Kevin Neeld — Hockey Training, Sports Performance, & Sports Science

What It Means To Be A “Boyle Guy”

“Boyle Guy.” Over the last couple years, I’ve heard this denomination frequently. At times it seems like the descriptor is being used as an insult; other times, simply a statement of reality. Typically, however, the term is used by someone that disagrees with one or more of Mike Boyle’s training ideas (single-leg training is the most common culprit), who is generally dismissive of all ideas stemming from those that agree with Mike about anything. When someone refers to me as a Boyle Guy I’m simultaneously flattered to be associated with Mike and disappointed that the implication is that I (and everyone else) am incapable of free thought. The truth is, I don’t really think people have any idea of what it really means to be a Boyle Guy.

My first introduction to Mike came during an internship I was doing at the University of Delaware. Jason Beaulieu, UD’s Strength and Conditioning Coach, had Functional Strength Coach 1 and let me borrow it. Aside from the information being a wake-up call in general, one of the things that struck me most about hearing him speak was his willingness to admit he was wrong, and to change moving forward. In reality, EVERYONE makes mistakes throughout their career, regardless of what career it is. The overwhelming majority of people, though, aren’t overly competent at admitting when they’ve made a mistake. This may stem from the fact that, at least in our industry, there aren’t many people learning at a rate sufficient enough for them to realize that they’ve even made one (more on this soon). Learning, at a young age, that it’s okay to make mistakes AND it’s okay to change continues to have a profound effect on me today.

Boyle Guy Rule #1: Admit when you’ve made a mistake, and change.

One of the last slides of the 10-DVD set was a list of recommended readings, which included, among others, Shirley Sahrmann’s Diagnosis and Treatment of Movement Impairment Syndromes and Tom Myers’ Anatomy Trains, two books that have heavily influenced the training and rehabilitation communities. I bought every resource on that slide, and read them all the next Summer. Another eye-opener. A few things that really stuck with me were: A) I didn’t know shit about anatomy; B) human movement was significantly more complex than I appreciated, C) studying information from the rehabilitation community provides unique insight into how to prevent injuries via training, D) I didn’t know shit about anatomy, and E) Mike, despite having already accomplished so much, was still digesting new information at a rapid rate in an effort to improve the quality of his programs. This brings us to…

Boyle Guy Rule #2: Know your anatomy.


Boyle Guy Rule #3: Never stop learning.

The knowledge I acquired by watching Functional Strength Coach 1 and reading the resources at the end of the presentation had such a significant impact on my philosophy that I sent Mike a letter to thank him. He replied immediately, and a year later while I was in the area for grad school, he invited me to observe at BU and MBSC. Since that time, he’s taken an immeasurable amount of his time to answer questions I’ve had, both through email and in person. This may seem like a small thing, but it’s not. Mike, at any given time, is juggling 3 full-time jobs, and has NOTHING to gain by helping me (or any of the other countless people that email him everyday!). Interestingly, I’ve had similar experiences with several of the guys that have worked for Mike before moving on to take jobs elsewhere. I have also had the opposite experience. I’ve been “big-timed” on multiple occasions by people that were further along in their careers than I was (or am), and knew they had nothing to gain by our interaction. But, as luck would have it, never by a “Boyle Guy”.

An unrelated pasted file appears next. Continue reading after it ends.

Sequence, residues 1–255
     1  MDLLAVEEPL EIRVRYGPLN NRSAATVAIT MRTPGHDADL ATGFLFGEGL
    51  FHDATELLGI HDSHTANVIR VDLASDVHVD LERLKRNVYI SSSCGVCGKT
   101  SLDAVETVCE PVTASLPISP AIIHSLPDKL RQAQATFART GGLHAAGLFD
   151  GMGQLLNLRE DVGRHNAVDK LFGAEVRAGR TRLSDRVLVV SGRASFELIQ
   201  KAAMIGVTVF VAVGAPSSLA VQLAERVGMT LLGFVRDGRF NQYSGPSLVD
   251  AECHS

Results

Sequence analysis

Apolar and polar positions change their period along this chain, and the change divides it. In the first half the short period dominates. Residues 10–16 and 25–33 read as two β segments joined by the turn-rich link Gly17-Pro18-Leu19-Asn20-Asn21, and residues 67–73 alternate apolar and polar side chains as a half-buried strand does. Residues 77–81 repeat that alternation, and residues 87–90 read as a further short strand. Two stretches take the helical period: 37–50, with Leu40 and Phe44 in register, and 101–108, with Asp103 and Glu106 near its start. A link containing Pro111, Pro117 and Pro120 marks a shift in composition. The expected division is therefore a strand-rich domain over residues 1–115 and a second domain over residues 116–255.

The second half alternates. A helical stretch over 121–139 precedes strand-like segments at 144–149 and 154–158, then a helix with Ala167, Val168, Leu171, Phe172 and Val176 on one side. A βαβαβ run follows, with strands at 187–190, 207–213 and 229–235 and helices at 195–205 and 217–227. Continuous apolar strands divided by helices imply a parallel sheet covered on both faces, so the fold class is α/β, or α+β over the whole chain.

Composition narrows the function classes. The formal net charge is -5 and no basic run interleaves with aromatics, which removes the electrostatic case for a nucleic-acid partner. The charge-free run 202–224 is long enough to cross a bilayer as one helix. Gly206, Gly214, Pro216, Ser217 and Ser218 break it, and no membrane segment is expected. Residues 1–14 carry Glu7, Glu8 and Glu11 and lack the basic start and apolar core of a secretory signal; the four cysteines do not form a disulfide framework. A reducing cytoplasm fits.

Boyle Guy Rule #4: Pay it forward. Help those that want to learn.

A couple months back, I was fortunate to have an opportunity to work with the US Women’s National Team at the World Championship Tournament in Burlington, VT (thanks entirely to Mike’s recommendation). While I was there, I grabbed dinner with Mike and his wife Cindy one night and the three of us talked for a couple hours on everything from family to hockey to training to career choices. I learned a lot that night; I always do. But when I went back to the hotel afterward, the thing that stuck with me most about everything we talked about was simply how much Mike loved his wife and kids. It was clear that, despite all of his commitments, he was a family first guy. Admittedly, this probably stuck out to me because I’m, well, terrible about balancing my career endeavors with my relationships. If I wasn’t surrounded by such patient people, I may not be surrounded by anyone at all!

Boyle Guy Rule #5: Keep your priorities straight. Relationships are always most important.

Being a Boyle Guy is more than simply acknowledging the downsides, mechanically and neurologically, of bilateral training, or following a concurrent periodization model, or prioritizing injury prevention ahead of performance enhancement; it’s about maintaining the character and humility to constantly learn, develop, and grow, as a professional and as a person. I’ve had (and continue to have) a lot of great mentors, but I can honestly say that I owe my career to Mike. Frankly, I’m lucky to be a Boyle Guy. What a tragedy to not be!

To your success,

Kevin Neeld

P.S. If you haven’t already, check out Mike Boyle’s most recent release, Functional Strength Coach 4!

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  • Ray McCarthy


    Same here! I get this all the time! I AM PROUD to be a Boyle Guy! You have mentioned many of the great reasons I AM a Boyle Guy. I think the Best thing about MIKE is his willingness to share his knowledge and help those of us in the field that are up and coming. He has gone out of his way to help me and many, many others, I don’t care what anyone calls me really…. but call me a Boyle Guy Anytime, and I am proud of that label. Nice Job on this and I could not agree more strongly..